Carbon Offsets

We are proud to announce our partnership with NativeEnergy Travel Offsets. Now when you book a trip with us, you can calculate the approximate amount of carbon emitted by your travel to your destination and pay a corresponding sum toward a wind project to help "offset" your emissions.

Want to try it out? Calculate your emissions now.

Baffled by the whole concept? So were we! That's why we went through a thorough research and proposal process to decide whether we should offer offsets. Here are the questions we asked ourselves:

How does travel impact global warming?

Every time you drive or fly, you emit carbon, which contributes to global warming. Worldwide, airline travel contributes to roughly 2% of carbon emissions. While this may not seem like much, each flight you take does have an impact. For example, a flight from New York to London emits approximately 2.8 tons. Compare that to the average American's total annual emissions of about 20 tons, and you can see that flying is carbon-intensive. (Compare it to the average Nepali's annual emissions of 0.1 tons, and the picture becomes even more troubling.)

Where does your money go and how does it "offset" your travel?

There are two sides to the carbon offset equation: On one side, you calculate how much carbon a certain activity emits. Let's use as an example a  flight from San Francisco to Paris. Your personal share of carbon emissions for that flight equals approximately 4.5 tons.

On the other side of the equation, the folks at NativeEnergy have identified a potential wind energy project that needs additional funding to be built. They calculate how much wind energy this project will generate over its lifetime and assign a dollar figure to each killowatt-hour based on the cost of generating it. NativeEnergy reasons that every killowatt-hour of clean energy generated by its project replaces a killowatt-hour that would have otherwise been generated by a "dirty" energy source, e.g., a coal-fired power plant.

The idea of "offsetting" is that your monetary contribution is responsible for a share of the wind project that equals the amount of carbon you've emitted by your activity. In the case of our flight to Paris, you would pay $60 to NativeEnergy to help fund the building of a wind farm.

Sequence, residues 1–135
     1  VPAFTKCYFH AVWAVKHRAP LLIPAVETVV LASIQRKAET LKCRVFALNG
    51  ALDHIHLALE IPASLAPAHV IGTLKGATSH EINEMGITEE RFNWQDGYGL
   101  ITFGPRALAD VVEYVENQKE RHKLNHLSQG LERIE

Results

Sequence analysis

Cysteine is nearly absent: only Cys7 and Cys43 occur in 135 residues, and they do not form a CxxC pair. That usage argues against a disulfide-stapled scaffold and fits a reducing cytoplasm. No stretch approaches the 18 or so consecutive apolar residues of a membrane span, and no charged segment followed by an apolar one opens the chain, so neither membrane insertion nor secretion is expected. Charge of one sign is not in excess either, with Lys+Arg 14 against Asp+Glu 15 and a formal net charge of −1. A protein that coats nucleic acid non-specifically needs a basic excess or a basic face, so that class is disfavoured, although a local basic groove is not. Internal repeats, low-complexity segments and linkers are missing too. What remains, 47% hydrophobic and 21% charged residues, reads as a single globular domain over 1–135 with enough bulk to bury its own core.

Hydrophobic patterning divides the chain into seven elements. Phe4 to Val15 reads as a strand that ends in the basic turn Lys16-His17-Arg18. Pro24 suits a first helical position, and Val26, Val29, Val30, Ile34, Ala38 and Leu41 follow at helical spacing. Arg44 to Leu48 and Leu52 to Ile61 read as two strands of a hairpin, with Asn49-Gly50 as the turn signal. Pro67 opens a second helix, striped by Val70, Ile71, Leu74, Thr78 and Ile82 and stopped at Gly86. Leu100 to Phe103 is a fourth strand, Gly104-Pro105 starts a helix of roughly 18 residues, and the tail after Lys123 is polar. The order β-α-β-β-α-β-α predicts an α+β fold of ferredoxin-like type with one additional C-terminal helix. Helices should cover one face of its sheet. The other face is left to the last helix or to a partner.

This model has some obvious pitfalls: First of all, the term "offset" might imply that you are "neutralizing" the impact of your travel, and thus it has no impact. This is not the case. Once you have emitted carbon, it is released into the atmosphere and you can't "take it back." What offsetting does is help reduce carbon emissions elsewhere.

Next, the offset model attempts to neatly compress a very complex set of calculations into a tidy equation, when in actuality, it relies on a series of assumptions and estimates. For example, the folks at NativeEnergy have to estimate how many passengers are on an average flight and make predictions as to how much energy a given turbine will produce over its lifetime. In addition, there is a good deal of debate among global warming experts about just how much impact flying has on global warming. So it's important to keep in mind that the numbers generated by a carbon calculator are estimates.

Finally, the relationship between your travel choices and carbon emissions is of course not as cut-and-dry as is assumed by the offset model. After all, if you don't get on that flight to Paris, the plane will still fly. The idea of course is that cumulatively, the less we all fly, the less demand there will be for air travel, and the less additional supply the airlines will deliver. On the other side of the equation, the more market demand we can create for clean energy, the better.

Given all of these issues, you may be wondering why we offer offsets at all. We have several reasons: One, we feel that letting you calculate your carbon footprint is a valuable educational tool. NativeEnergy's calculator gives you an idea of the relative amounts of carbon emitted by various activities, and we think that this is the first step toward changing your behavior and living a less carbon-intensive life.

Second, we think that the wind energy projects sponsored by NativeEnergy represent a valuable step toward becoming less dependent on coal-fired power plants. Even though the carbon offset calculation is not quite as neat and tidy as is presented by many in this industry, we believe that offsetting with NativeEnergy helps build demand for clean energy. You should know that we went through a detailed proposal process before choosing NativeEnergy, and we are confident that their calculations are conservative and that they fund quality projects.

Why doesn't Sierra Club Outings offer "carbon-neutral" trips?

If you've been shopping around for travel, you know that many of our competitors offer so-called "carbon-neutral" trips. As an environmental organization, why don't we?